Some view the success of new AIDS treatments as the end of an epidemic. The fight is far from over, but have AIDS ralliers gone home?
By Jessica Scully
Terri seemed a success story for combination drug therapy. Diagnosed with HIV in 1992, the 46-year-old recovering drug addict began treatment about two years ago.
For the first year, the drugs seemed miraculous. Terri felt energetic, her appetite returned and she was gaining back the weight she had lost. The virus was virtually undetectable in her blood.
But suddenly, everything went terribly wrong.
Terri slipped into a coma. Later, when she came to, doctors discovered she had a severe case of pneumonia. That was several months ago and Terri has continued to have problems. Weak and constantly tired, she often can't sleep because her body aches.
"It seems I can never enjoy life," Terri said. "I'm always sick. I just want to find the right med [so] I can go on and live a normal life."
Waiting in the wings
For many people like Terri, the development of new drugs and new treatments could mean the difference between life and death.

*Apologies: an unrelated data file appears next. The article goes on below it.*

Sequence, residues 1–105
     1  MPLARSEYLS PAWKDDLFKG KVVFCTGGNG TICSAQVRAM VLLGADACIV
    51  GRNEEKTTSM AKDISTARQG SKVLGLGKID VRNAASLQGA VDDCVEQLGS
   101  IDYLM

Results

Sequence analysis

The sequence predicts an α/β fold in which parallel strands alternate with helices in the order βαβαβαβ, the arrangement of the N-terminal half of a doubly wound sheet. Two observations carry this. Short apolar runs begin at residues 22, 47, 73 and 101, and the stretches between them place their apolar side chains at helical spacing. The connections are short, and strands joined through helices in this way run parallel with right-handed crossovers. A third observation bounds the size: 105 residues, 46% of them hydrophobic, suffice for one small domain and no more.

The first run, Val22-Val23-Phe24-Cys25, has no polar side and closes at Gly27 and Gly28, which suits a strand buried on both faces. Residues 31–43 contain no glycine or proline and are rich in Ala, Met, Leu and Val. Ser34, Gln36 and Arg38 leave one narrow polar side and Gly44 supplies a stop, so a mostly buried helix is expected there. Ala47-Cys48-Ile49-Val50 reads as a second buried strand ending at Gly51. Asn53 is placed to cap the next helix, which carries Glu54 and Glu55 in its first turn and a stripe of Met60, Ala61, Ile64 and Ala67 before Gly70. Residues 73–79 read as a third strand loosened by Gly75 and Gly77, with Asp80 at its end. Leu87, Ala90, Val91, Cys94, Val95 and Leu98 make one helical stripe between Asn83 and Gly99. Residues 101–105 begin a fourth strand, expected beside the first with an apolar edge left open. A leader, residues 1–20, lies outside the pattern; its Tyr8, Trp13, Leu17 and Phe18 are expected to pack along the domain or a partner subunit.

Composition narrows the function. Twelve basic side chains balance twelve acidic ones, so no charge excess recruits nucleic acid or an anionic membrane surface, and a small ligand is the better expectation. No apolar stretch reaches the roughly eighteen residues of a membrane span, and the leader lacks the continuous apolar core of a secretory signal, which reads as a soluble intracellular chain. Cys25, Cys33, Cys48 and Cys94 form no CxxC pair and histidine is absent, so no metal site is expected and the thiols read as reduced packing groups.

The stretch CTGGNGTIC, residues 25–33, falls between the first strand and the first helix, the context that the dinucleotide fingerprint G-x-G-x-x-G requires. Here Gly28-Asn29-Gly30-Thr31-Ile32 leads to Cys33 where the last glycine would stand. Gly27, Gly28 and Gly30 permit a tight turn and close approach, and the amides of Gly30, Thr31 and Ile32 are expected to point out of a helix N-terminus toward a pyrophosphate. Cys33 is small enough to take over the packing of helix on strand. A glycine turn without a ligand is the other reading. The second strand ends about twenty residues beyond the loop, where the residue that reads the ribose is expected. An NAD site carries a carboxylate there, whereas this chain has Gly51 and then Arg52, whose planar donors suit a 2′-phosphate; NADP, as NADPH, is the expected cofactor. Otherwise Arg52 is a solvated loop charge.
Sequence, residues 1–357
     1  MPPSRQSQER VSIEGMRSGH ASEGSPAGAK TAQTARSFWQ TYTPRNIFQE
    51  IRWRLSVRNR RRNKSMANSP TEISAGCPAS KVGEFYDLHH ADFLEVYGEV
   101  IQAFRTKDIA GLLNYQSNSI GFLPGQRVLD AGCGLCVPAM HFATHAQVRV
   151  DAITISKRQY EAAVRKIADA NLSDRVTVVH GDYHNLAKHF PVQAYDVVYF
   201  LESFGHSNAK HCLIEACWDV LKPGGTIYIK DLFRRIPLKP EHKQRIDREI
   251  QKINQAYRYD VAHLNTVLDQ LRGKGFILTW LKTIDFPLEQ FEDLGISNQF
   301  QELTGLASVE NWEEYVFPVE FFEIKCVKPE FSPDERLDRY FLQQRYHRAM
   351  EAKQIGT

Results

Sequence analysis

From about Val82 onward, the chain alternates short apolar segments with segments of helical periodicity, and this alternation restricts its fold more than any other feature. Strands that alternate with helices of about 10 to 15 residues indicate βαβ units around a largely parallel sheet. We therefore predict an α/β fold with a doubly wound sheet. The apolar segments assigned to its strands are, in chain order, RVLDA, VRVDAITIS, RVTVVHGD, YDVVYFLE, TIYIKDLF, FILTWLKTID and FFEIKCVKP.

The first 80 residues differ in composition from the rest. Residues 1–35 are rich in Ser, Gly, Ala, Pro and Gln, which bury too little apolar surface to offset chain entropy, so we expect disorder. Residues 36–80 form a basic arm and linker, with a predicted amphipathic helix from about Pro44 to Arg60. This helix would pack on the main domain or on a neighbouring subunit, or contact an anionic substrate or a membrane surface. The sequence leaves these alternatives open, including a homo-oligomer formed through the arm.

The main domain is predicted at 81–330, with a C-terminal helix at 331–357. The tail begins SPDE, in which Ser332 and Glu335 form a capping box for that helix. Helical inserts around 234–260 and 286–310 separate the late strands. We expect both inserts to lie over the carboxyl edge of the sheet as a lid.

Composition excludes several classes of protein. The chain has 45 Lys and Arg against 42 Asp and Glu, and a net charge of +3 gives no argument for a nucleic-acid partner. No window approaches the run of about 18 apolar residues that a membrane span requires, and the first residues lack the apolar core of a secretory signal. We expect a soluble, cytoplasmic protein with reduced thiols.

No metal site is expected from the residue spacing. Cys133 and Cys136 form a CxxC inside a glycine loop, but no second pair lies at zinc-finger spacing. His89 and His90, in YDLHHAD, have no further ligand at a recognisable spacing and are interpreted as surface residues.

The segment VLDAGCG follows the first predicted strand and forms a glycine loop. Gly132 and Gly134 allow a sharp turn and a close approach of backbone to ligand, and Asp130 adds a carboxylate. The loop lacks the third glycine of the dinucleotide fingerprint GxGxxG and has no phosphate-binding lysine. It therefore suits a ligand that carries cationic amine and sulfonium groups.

Five years after the FDA approved the first of the protease inhibitors, data about the long-term effectiveness and effects of such treatments is just becoming available. And according to recent studies, the long-term results are not as promising as many had hoped.
Protease inhibitors can fail up to half the patients taking them, a 1999 San Francisco study indicated. While some argue that it is hard to define failure with HIV and AIDS, everyone agrees that the new drugs aren't a panacea.
Beyond the severe side effects and the complicated and expensive drug regimens, studies now suggest that long-term treatment with anti-retrovirals may predispose people to life-threatening illnesses, including diabetes, heart disease and osteoporosis.
While they did manage to lift many people from their deathbeds, the "miracle" drugs have turned out less than miraculous.
The search continues
The clinical trials that take place in university and community-based centers are key to the development of new drugs. Lately, however, researchers have been struggling to get the funding they need.
Since word spread about the success of new AIDS treatments in the late nineties, private donations for research are down, and scientists question how well they will be able to continue their work to find new, better treatments and eventually a cure.